(By Randy Lane) Dictionary.com defines drama as “a dialogue or story involving conflict or contrast of character.” The most listened to audio shows and the most viewed TV shows are fueled by high drama
Netflix’s The Queen’s Gambit is Nielsen’s top-rated streamed TV show. It’s loaded with character conflicts, dilemmas, quests, and vulnerabilities. If you haven’t checked it out, it’s a must-see!
The Bert Show based in Atlanta is an example of a radio show with jumbo ratings driven by drama. They even have a link on their “Today on the Show” page asking listeners for their dramatic stories.
Four Correlations (Between TV dramas and Radio Shows)
Film critic Claudia Puig on the subject of films and TV shows, “If you don’t care about the characters, nothing much else matters.” The same is true of radio and podcast shows.
TV dramas start by dropping us into the drama to get us instantly invested in authentic, relatable, and likable characters. The backstories start to unfold after they’ve hooked us.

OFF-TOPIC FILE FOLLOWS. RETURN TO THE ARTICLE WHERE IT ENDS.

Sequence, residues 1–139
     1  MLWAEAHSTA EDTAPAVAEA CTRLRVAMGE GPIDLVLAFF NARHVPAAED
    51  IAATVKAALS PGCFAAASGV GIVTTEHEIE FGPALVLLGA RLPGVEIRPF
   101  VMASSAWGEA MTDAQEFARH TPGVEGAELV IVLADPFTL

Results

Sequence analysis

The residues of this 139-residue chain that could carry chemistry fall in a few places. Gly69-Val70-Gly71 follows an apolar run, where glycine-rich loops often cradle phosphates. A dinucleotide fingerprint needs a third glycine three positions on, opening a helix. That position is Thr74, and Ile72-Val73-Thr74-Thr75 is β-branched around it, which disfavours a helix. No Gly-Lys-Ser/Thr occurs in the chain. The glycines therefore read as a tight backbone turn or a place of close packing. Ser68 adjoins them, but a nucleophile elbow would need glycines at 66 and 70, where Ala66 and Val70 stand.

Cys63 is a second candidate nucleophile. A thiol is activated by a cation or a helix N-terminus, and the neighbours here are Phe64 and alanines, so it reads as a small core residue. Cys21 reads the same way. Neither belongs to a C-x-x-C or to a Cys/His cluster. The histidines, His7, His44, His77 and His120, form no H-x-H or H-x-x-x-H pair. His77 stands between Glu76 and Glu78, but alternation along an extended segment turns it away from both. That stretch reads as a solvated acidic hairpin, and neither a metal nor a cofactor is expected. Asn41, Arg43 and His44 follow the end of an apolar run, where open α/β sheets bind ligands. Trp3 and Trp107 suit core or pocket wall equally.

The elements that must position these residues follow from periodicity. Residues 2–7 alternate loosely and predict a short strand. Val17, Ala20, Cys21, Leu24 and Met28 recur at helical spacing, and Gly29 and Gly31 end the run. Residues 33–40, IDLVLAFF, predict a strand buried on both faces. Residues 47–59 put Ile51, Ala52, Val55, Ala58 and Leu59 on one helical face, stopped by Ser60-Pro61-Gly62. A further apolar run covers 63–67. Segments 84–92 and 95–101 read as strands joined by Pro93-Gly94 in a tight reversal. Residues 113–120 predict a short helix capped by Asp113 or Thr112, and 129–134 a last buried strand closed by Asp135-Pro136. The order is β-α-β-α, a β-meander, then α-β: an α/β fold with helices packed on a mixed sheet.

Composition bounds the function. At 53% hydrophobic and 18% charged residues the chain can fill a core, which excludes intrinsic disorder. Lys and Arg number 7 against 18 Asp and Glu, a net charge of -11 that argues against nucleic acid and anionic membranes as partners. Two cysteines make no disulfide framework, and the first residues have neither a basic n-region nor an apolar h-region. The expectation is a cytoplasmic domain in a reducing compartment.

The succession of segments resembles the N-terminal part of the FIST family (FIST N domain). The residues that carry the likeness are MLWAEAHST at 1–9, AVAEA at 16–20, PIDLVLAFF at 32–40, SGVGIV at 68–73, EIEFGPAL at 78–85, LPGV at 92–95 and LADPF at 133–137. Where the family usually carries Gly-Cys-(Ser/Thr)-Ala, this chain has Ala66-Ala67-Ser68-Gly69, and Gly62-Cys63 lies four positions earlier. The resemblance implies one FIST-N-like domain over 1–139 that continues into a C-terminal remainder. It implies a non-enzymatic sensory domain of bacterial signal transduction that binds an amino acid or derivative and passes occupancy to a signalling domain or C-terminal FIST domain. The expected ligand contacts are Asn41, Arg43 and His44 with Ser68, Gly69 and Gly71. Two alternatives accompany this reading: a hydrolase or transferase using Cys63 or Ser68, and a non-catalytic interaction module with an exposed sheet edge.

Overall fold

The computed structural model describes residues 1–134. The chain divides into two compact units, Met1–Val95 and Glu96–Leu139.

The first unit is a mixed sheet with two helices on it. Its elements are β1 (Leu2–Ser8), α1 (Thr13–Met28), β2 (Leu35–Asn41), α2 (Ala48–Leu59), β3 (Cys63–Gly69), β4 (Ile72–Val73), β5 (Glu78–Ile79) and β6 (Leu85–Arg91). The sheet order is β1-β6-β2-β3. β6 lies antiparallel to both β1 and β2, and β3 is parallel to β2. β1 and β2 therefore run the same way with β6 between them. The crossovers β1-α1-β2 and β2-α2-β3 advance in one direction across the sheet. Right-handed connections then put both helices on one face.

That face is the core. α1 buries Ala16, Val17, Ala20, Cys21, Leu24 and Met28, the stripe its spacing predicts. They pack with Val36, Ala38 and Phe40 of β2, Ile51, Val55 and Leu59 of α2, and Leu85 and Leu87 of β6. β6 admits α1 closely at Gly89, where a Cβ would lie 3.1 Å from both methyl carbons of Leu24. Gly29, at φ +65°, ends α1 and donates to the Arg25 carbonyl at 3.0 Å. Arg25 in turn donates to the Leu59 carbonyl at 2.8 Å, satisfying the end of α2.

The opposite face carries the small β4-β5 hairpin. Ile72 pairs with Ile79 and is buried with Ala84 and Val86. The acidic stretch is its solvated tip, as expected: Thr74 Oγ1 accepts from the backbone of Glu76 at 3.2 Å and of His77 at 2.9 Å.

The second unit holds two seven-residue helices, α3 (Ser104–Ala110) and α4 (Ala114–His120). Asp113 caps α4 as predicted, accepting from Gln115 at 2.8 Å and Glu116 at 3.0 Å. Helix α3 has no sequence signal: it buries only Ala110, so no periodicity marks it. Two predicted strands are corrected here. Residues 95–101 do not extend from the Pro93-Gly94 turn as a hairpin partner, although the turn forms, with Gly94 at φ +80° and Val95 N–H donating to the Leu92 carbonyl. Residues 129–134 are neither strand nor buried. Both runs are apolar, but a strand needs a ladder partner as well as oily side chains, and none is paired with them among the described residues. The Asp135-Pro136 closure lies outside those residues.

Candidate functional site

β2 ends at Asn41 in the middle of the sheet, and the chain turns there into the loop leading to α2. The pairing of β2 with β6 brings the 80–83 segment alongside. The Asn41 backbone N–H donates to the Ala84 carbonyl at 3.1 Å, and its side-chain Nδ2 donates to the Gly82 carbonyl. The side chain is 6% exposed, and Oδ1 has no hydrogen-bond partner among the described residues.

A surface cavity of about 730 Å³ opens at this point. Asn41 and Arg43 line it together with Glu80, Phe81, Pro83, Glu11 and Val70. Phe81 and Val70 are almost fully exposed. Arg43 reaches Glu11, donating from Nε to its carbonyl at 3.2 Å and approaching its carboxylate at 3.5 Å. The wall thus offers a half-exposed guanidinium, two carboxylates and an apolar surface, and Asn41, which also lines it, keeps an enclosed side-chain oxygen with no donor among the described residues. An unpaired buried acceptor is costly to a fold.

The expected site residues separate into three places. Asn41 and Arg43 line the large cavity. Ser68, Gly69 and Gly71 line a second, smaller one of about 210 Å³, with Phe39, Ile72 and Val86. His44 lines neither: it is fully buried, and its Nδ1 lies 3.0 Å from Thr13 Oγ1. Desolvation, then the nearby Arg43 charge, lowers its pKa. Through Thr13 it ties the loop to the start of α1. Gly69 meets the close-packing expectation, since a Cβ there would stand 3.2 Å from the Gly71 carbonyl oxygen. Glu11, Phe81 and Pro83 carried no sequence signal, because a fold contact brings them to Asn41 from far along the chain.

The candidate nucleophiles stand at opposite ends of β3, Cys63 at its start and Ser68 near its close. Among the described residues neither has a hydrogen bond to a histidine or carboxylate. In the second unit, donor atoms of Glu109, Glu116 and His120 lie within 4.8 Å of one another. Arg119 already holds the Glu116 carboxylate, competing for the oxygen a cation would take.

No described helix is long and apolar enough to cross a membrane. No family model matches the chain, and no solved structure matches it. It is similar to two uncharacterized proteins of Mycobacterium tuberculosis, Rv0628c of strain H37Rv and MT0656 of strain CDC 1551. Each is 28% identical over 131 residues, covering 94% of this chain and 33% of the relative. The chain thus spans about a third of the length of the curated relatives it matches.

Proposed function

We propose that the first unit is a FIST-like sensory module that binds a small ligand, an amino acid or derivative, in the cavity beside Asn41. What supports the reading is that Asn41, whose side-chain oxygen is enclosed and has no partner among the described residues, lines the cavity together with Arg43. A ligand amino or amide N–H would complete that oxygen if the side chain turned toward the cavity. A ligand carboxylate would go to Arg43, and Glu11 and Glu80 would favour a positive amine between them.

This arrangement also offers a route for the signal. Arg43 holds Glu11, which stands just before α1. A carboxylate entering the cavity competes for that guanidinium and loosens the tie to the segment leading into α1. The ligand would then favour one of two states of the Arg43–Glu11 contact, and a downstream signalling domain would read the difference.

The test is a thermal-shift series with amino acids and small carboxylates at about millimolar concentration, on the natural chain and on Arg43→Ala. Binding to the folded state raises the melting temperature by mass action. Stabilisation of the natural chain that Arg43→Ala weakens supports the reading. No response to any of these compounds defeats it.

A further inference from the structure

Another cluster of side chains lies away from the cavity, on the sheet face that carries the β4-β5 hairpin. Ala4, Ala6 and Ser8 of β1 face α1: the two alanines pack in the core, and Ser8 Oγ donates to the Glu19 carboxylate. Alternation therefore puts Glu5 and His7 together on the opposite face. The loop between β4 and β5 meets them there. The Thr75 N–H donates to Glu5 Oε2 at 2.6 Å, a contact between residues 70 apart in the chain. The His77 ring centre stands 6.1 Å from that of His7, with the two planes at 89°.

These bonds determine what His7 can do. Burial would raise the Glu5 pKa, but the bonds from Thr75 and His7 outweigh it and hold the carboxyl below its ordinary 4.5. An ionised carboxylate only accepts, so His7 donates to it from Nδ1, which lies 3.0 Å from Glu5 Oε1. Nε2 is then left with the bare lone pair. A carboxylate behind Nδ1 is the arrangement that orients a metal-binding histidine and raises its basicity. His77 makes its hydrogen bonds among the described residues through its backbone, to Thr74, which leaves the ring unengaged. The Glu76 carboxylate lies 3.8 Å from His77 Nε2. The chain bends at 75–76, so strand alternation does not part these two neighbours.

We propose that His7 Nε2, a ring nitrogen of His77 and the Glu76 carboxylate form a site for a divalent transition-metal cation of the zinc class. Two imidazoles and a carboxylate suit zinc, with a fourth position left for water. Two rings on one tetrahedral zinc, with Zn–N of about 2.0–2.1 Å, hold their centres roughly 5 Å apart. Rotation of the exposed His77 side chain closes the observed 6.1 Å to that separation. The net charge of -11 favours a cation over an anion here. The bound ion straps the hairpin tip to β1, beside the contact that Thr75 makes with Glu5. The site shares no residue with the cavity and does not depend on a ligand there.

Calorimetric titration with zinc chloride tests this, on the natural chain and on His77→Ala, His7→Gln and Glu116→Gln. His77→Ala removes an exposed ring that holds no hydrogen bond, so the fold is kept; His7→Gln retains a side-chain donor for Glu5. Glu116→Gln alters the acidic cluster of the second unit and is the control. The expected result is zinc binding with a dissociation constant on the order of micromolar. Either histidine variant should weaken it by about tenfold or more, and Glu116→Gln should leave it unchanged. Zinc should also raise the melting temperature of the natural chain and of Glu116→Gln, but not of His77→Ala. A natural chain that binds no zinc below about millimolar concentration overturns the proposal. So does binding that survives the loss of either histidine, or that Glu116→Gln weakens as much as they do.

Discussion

- Successful radio shows start every content segment with a headline to hook listeners, then follow with the meat of the content.
TV dramas continually foreshadow upcoming content and end every segment and episode with a cliffhanger.
- The best radio shows close every content segment with a tease of what’s going to happen next. Captivating teases are a key way to give your show more drama and TSL.
TV dramas sprinkle in levity and comedy to relieve the dramatic tension.
- The highest-rated radio shows run on levity and comedy, but the emotional impact is powered by drama and conflict.
TV dramas intersperse generous amounts of vulnerability with conflict to make characters endearing.
- Radio characters who are willing to share their relatable flaws, failings, and regrets greatly enhance their relationship with listeners.
- Randy Lane launched his media talent coaching and personal brand development company in 1996. He can be contacted by phone at 805.231.5746 or email at [email protected].